Smart devices have unquestionably changed the way we shop. Whereas just ten years ago, consumers did the majority of their shopping in brick-and-mortar stores, the modern-day consumer spends increasingly more time—and money—browsing the wide selection of goods available online. The move from high street to online shopping is a logical one, as the latter allows consumers the ease and convenience of browsing millions of products without ever leaving the comfort of their home. And with the ubiquity of apps available for iOS, Android, and BlackBerry Z10, finding the best bargains is easier than ever.

            There are many pros and cons to the rise of mobile shopping. While brick-and-mortar retailers may be losing out, delivery companies are seeing increased business, and consumers are able to more efficiently manage the way their shopping experience. Let’s take a closer look at the recent trends in consumer habits and the forecasted fate of high street:

Is local mobile marketing trumping traditional media?

            The majority of predictions are completing writing off traditional media as local mobile marketing continues to grow. In the travel industry alone, searches are predicted to be about a quarter up just in this year. This doesn’t mean that mobile is opening more avenues for marketers than traditional forms of media but it’s also en-route to overtake fixed internet access.

            In August, figures suggested that Australians spend more than 10 hours a day on electronic media and, of that, more than an hour is on the smartphone. A lot of this is mobile gaming but it’s obvious that a captive audience is growing. Mobile ad spend is up almost 200% this year alone and as brands continue to embrace this style of advertising, the future is bright.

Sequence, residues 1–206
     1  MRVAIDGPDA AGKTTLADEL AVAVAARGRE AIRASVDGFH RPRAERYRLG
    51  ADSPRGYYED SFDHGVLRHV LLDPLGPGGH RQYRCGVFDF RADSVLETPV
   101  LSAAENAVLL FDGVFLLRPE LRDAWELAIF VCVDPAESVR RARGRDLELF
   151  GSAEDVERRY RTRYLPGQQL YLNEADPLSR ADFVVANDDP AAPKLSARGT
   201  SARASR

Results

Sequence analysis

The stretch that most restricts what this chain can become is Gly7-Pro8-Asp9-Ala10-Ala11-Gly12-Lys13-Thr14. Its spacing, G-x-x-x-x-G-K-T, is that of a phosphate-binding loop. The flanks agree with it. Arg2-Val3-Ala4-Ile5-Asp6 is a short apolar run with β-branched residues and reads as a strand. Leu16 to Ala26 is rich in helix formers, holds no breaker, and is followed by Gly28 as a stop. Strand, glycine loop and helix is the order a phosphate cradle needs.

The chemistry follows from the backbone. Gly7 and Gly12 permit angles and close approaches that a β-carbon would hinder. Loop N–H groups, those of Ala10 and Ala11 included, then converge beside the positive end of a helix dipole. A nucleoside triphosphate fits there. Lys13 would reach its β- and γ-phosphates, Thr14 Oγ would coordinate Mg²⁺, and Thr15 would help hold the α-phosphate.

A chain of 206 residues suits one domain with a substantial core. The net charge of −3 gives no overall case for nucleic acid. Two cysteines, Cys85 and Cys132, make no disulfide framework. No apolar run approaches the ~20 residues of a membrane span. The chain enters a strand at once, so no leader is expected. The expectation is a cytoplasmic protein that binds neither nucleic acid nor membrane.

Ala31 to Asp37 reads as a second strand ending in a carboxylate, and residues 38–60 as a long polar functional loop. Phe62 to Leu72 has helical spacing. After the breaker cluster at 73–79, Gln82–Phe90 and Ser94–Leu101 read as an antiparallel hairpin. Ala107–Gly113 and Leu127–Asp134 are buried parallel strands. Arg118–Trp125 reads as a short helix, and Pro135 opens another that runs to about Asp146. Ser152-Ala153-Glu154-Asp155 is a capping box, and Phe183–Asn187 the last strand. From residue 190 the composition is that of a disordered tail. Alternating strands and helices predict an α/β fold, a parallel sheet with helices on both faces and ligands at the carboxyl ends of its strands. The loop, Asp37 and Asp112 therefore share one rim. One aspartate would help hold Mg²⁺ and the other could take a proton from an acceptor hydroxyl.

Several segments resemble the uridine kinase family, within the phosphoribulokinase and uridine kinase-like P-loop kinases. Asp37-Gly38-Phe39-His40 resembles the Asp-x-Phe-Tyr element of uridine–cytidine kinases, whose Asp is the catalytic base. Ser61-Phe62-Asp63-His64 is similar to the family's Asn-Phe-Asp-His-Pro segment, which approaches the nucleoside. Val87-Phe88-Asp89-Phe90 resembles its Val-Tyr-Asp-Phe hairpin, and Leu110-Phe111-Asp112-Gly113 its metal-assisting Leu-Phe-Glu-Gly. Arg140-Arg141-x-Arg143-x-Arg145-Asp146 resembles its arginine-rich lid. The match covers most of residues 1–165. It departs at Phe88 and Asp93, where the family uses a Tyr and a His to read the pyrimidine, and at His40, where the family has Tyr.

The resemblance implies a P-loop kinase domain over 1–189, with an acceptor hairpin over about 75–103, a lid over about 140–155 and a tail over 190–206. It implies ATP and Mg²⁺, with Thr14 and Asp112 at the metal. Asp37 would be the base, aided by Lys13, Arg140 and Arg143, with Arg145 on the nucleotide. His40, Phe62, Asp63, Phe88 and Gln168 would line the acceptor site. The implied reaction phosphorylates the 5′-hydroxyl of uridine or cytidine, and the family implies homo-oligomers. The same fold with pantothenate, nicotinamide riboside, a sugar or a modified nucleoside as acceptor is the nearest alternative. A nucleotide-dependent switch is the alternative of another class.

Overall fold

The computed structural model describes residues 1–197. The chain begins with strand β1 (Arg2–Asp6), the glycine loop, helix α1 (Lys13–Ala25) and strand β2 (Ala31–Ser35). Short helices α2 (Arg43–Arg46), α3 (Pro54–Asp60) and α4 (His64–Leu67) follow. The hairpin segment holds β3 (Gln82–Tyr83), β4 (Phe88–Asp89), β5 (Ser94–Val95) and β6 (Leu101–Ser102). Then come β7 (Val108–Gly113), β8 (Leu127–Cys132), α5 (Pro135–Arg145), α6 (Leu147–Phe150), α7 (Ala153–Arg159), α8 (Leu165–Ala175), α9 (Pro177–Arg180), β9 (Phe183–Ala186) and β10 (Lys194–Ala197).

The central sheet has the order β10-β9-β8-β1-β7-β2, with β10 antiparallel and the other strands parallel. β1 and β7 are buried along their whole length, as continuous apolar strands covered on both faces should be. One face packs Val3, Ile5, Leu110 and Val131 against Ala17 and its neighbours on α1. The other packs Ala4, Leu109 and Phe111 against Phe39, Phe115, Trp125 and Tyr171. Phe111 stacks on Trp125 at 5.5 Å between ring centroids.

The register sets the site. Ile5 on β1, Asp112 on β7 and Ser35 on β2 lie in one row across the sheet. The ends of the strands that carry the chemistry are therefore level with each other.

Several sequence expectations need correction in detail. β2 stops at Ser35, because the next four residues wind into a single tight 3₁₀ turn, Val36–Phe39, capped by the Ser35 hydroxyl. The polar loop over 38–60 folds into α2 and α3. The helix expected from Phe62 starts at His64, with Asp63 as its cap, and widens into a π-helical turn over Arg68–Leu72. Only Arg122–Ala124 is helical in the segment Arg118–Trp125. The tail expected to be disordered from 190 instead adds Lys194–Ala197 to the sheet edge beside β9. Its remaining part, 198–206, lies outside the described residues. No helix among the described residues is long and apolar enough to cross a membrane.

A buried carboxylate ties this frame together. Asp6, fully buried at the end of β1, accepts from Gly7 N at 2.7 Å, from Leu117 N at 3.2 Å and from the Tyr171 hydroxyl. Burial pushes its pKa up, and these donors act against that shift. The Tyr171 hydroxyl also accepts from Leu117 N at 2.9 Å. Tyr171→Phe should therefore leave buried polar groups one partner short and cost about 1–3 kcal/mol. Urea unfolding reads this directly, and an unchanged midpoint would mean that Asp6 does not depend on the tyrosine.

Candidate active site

Can traditional media and the high street compete?

            With so much emphasis on mobile, and an estimate of a $682 million spend by 2018 for mobile ads. The habits of consumers are changing, content is evolving and the buying potential from things like smartphones and tablets is large and easy to do. Without a doubt, traditional media businesses are struggling and their ability to compete in this market is flailing. That said, with focus, data insights and measuring the captive audience some believe it can survive. That might be all traditional media can do, survive, but shopping trends show at least some hope for the high street.

Shopping Trends: Past, Present, and Future

            While brick-and-mortar stores may be able to compete with mobile retailers in the short-term, several studies carried out in the UK suggest the future for physical retailers ultimately looks bleak. A Mary Portas’s report showed that in 2000, high street sales accounted for 95% of all sales in Britain, while in 2011, that percentage dropped to 90%. By contrast, non-store sales accounted for just 5.1% of sales in 2000, but doubled to 10% of all sales by 2011. Retail Futures 2018 expects that percentage to double to 21.5% within the next five years. At the same time, brick-and-mortar stores are expected to decline in the UK, with more than 60,000 store closures forecasted by 2018. As more and more people begin to rely on smart devices in their everyday lives, we can expect this trend to play out not only in the UK, but in high street stores worldwide.

Felipe Baudouin
UK Marketing
November 2013




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